MINNEAPOLIS (AP) — A Minneapolis police supervisory sergeant who was on duty the night George Floyd died testified that he believes the officers who restrained Floyd could have ended it after he stopped resisting. David Pleoger testified Thursday at the trial of since-fired officer Derek Chauvin, who is charged with murder and manslaughter in Floyd's death. He noted that officers are trained to roll people on their side to help with their breathing after they have been restrained in the prone position.
"Unless the Court of Appeals tells me otherwise we're going to keep going," Cahill told the attorneys Monday afternoon after going over a series of motions, most agreed on by the prosecution and defense.
Cahill said he will call potential jurors back on Tuesday morning.
Opening arguments in the trial are tentatively scheduled to begin on March 29. The trial is expected to last up to two months and prosecutors and defense attorneys said they plan to call nearly 400 potential witnesses to testify, 362 by the prosecution.
The Court of Appeals ruled that Cahill erred when he dropped the third-degree murder charge against Chauvin in October and asked him to reconsider his decision. Cahill, in response to the Court of Appeals ruling, stated that because Chauvin planned to asked the state Supreme Court to review the appellate decision, he does not have jurisdiction to even entertain arguments on whether he should reinstate the third-degree charge.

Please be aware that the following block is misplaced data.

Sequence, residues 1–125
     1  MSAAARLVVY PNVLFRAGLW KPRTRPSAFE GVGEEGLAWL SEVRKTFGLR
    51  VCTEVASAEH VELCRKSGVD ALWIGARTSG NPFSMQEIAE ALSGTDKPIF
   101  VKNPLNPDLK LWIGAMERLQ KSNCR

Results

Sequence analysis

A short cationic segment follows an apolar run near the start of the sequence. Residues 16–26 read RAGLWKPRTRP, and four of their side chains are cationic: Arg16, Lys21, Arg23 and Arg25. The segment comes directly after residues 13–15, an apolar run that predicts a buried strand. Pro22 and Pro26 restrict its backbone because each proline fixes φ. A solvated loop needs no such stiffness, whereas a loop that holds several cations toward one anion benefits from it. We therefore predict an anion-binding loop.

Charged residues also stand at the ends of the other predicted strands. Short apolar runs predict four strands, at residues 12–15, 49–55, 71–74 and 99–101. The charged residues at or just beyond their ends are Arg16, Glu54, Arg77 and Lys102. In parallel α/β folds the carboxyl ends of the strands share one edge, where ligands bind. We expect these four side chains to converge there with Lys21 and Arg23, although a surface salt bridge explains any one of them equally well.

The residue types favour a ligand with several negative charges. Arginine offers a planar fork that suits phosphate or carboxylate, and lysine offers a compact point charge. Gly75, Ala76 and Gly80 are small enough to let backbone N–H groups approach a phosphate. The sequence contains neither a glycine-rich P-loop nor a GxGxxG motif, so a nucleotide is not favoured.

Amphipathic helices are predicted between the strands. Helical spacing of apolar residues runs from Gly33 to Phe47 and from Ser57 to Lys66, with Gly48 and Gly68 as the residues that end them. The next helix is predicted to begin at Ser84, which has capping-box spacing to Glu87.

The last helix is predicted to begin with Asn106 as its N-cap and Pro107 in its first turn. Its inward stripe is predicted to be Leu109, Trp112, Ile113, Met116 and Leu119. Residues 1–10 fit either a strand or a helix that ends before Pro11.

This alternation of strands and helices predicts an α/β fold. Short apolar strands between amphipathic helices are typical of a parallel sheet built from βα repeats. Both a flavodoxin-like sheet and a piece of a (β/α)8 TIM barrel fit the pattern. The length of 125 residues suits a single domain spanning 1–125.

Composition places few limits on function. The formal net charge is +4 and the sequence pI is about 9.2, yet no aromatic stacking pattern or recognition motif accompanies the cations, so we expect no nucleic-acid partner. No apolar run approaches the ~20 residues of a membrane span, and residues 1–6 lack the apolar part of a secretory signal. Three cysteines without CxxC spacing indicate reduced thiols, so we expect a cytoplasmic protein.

Police chief: Fired cop broke policy in pinning Floyd
MINNEAPOLIS (AP) — The Minneapolis police chief who called George Floyd's death “murder” soon after it happened testified that Officer Derek Chauvin had clearly violated department policy when he pinned Floyd's neck beneath his knee for more than 9 minutes. Continuing to kneel on Floyd's neck once he was handcuffed behind his back and lying on his stomach was “in no way, shape or form” part of department policy or training, "and it is certainlyContinuing to kneel on Floyd's neck once he was handcuffed behind his back and lying on his stomach was “in no way, shape or form” part of department policy or training, "and it is certainly not part of our ethics or our values,” Police Chief Medaria Arradondo said Monday on D
In light of the state's intent to file a motion to delay the proceedings, Cahill put jury selection on hold until at least Tuesday to give Frank time to file his request for guidance from the appeals court.